Having lived most of my life in Southern and Central California, home of evergreen landscaping, I am dumfounded every Fall by our colors. The intense yellows of the ginkoes, gold of the birches, the red of quince and the flaming maples, just knock me out.

Laurelhurst Park, of course, is acres of loveliness. But our neighborhood trees, some of which are a hundred years old, also make me understand why people who move from elsewhere to Southern California say “they miss the seasons”.


I guess I get sort of goofy in the Fall. Summer’s flowers and sunshine are so bright, it is almost blinding. In Fall, it is grayer, darker, and… wetter. The bright leaves are our last hurrah of color until spring, and I don’t want to miss it.


So, while I go walking and leaf-peeping whenever I feel sad or restless, I hope these pictures let you see why I love our Fall so much.

Love,

Grandma Judy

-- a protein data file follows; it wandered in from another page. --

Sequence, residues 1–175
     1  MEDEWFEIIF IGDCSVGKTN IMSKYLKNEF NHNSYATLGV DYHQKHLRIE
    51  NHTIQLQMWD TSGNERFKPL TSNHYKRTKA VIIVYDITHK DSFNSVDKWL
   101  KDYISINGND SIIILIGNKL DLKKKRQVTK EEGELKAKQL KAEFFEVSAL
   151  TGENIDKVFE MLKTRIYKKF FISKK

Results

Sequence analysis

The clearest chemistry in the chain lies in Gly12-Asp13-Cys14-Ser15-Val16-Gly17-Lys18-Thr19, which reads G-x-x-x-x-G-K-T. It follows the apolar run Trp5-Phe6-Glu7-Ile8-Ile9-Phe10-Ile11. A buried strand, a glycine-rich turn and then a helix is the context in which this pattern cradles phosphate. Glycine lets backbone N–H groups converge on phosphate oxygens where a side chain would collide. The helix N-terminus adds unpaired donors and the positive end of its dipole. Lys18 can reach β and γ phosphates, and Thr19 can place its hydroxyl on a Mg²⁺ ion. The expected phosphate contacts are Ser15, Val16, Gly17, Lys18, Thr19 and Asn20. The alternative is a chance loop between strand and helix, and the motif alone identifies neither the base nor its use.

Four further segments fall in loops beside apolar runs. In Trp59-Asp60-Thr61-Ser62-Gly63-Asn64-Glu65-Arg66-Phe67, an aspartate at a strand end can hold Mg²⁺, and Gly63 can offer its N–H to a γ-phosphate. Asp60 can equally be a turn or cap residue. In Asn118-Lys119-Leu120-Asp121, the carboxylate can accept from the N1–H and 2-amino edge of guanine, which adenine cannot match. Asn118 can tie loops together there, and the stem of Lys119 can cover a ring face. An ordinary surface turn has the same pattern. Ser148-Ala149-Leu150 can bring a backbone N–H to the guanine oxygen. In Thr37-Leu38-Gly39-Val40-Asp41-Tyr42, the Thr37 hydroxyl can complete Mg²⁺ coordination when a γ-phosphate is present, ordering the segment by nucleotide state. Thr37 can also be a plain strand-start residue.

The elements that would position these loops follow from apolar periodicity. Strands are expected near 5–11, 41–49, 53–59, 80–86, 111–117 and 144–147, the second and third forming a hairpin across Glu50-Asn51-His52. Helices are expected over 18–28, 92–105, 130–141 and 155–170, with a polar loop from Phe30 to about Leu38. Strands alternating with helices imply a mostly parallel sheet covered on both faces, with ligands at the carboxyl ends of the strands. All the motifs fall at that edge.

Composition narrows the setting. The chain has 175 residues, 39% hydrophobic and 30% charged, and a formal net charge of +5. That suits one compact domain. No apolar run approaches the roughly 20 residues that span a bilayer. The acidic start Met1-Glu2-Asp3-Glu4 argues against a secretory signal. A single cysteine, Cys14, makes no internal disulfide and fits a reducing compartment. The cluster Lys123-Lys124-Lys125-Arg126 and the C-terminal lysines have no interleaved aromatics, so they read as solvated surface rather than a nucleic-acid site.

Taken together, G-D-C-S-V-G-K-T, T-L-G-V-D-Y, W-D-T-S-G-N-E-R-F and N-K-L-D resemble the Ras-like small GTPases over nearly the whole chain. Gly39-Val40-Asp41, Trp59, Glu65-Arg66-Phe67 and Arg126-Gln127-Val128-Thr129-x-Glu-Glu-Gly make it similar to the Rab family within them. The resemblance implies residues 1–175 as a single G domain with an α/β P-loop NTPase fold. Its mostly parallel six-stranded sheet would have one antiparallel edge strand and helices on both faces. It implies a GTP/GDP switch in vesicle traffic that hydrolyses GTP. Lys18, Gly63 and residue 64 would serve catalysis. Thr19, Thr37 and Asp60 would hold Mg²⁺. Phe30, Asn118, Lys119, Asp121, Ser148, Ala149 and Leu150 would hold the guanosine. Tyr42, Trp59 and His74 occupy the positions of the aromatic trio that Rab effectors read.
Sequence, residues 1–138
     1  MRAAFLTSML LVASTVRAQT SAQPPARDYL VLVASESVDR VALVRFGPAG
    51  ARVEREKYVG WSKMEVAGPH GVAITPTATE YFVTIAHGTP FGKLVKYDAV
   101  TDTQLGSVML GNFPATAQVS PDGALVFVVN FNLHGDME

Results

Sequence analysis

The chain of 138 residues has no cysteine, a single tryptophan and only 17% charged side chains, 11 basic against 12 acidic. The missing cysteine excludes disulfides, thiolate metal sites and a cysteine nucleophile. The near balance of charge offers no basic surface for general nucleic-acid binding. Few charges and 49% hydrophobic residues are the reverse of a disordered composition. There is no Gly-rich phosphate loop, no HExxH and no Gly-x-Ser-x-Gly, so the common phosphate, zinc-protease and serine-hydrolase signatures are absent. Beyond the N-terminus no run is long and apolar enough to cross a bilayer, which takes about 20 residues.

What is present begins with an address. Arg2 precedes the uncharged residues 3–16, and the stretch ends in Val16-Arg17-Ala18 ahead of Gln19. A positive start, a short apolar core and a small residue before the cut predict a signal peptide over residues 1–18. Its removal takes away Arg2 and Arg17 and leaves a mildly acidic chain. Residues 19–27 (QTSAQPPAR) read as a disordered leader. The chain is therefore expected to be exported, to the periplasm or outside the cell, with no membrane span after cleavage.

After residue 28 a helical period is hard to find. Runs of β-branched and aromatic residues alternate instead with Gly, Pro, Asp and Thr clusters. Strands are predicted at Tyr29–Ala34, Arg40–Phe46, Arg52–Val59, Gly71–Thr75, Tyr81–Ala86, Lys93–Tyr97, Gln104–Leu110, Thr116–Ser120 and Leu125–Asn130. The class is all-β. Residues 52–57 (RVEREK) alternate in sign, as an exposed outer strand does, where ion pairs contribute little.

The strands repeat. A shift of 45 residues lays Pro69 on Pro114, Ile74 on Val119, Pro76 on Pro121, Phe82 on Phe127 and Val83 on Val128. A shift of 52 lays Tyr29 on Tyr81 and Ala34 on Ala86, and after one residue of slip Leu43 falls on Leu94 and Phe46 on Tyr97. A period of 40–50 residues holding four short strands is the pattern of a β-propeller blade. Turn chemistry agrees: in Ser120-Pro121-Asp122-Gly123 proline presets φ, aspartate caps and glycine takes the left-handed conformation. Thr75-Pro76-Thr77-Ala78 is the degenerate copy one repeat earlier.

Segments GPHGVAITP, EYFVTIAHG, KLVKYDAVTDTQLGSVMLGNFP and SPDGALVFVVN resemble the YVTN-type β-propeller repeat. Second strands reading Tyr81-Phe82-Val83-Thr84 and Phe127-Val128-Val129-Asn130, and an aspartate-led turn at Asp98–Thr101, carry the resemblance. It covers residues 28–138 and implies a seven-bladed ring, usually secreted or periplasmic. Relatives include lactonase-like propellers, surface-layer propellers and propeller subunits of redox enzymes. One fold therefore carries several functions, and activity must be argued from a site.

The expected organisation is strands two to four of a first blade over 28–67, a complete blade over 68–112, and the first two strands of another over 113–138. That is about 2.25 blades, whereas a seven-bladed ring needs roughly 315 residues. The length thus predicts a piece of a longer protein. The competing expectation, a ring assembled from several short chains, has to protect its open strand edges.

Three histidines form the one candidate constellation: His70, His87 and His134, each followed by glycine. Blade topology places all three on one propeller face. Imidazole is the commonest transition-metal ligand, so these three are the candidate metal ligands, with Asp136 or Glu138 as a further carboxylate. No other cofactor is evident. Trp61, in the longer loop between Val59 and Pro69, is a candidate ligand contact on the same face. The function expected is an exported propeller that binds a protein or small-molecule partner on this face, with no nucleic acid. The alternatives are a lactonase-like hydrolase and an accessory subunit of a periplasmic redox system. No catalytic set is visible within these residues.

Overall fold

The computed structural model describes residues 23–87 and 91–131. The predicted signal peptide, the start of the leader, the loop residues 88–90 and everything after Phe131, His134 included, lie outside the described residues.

Reading Matters

Dear Liza,

I have more time on my hands not that I am retired, and sometimes I wonder what to do with it.

I have always loved reading, and never had enough time for it. Not just ’get the news’ reading or history books, but a solid commitment to major chunks of literature. I have time for that now, and have been diving in.

My first book in this campaign was Charlotte Bronte’s Jane Eyre. Written in England in 1868, it was considered revolutionary because of its portrayal of the personal and moral growth of a lower-class woman. Though full of injustices, the story has a positive-tending heroine and I enjoyed it very much.

My next foray into Big Lit was Isabel Allende’s The House of Spirits. This was written in Chile in 1982 and was the author’s first novel. It was heralded as a great work and made Ms Allende famous. It tells of three generations of a family and of Chile’s political revolution.

It has some lovely descriptions and characters, but halfway through, I had to stop reading it. The main character of Esteban Trueba is so hateful that spending hours a day with him (through reading) was depressing me. Just as I avoid such folks in my real life, I needed to distance myself from his greed and bad temper.